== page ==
The Wounded Kings – In The Chapel Of The Black Hand

The Wounded Kings with the third album of their career, they express the maximum of their potential by producing a work that rightfully places them among the reference bands of doom metal. The British group, already the author of the excellent The Shadow Of Atlantis, draws new life from the line-up revolutionized, despite himself, by the talented multi-instrumentalist Steve Mills; the most relevant change concerns the alternation between a male voice, that of the co-founder of the band, George Birch, and a female one, by Sharie Neyland. A transformation certainly not easy to assimilate at first glance, since the particular timbre of the bewitching Sharie is as far from the stentorian and evocative vocals of her predecessor as one can get. In fact, the far from reassuring psalmody of what could be either a witch in the throes of a sabbatical rite or a novel Cassandra in the act of uttering her own nefarious predictions becomes the real added value to the sonic fabric created by Mills. The doom proposed by The Wounded Kings can certainly be defined as traditional, with ample references to those bands that enriched their music with esoteric elements in the 1970s; what makes this work unique is precisely the ability to fuse the atmospheres of the past with a sound that is evolved though monolithic and, above all, never derivative. The opening The Cult Of Souls is introduced by a Hammond that, in symbiosis with Neyland’s voice, accompanies us on its relentless journey to discover atavistic worlds populated by frightening entities, while in the finale the song is characterized by an irresistible as much as perturbing melody, with the lead guitar going to lap up Floydian sounds. The Gates Of Oblivion, where the previous track granted tenuous glimmers of light, instead spreads a further veil of darkness and makes the album’s atmosphere even more oppressive and corrosive. Return Of The Sorcerer is a brief (when compared to the other three tracks that have a duration of more than 10 minutes) instrumental episode that has the all but marginal function of worthily introducing the mammoth title track, a song that closes the disc by plunging us finally into the abysses of the human mind and its ancestral fears. A work, In The Chapel Of The Black Hand, that will not be able to leave indifferent those who appreciate typically Lovecraftian atmospheres transported into the musical sphere; the quotation of the “loner of Providence” is not accidental, try turning the cover upside down : carefully examining the writing on the forehead of the skull, one can distinctly read part of the famous invocation to Cthulhu (Ia! Ia! Cthulhu fhtagn).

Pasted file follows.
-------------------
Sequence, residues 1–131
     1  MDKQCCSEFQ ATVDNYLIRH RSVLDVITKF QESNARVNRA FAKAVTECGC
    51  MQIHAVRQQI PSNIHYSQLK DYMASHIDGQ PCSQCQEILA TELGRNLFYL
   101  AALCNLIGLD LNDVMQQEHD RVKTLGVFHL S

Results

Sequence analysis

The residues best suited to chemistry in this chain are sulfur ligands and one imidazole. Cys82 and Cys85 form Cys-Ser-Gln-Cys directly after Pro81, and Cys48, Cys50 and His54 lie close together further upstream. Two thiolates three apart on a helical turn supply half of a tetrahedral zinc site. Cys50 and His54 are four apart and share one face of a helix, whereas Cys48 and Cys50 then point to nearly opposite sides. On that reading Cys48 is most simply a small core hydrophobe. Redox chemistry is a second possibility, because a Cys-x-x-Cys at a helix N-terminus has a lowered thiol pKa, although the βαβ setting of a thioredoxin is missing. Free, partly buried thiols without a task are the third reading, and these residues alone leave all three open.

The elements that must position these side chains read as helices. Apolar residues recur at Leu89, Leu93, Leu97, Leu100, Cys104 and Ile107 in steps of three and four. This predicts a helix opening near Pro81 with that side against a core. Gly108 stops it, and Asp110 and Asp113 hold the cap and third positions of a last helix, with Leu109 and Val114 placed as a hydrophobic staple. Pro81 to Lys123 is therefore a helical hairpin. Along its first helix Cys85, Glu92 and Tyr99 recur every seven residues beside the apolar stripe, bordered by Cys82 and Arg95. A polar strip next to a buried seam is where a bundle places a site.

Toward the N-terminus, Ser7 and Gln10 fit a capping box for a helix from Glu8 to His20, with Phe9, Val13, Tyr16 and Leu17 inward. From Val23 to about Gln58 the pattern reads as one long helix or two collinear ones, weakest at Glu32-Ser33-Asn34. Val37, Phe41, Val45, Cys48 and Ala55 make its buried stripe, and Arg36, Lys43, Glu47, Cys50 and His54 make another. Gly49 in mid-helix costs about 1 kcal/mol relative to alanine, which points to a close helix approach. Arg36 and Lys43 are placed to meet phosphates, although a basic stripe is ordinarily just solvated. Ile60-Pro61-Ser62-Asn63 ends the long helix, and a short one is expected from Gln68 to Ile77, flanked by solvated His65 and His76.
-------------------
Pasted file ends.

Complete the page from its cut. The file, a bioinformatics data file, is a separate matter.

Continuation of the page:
“In his house at R’lyeh dead Cthulhu lies dreaming”…

2011 – I Hate Records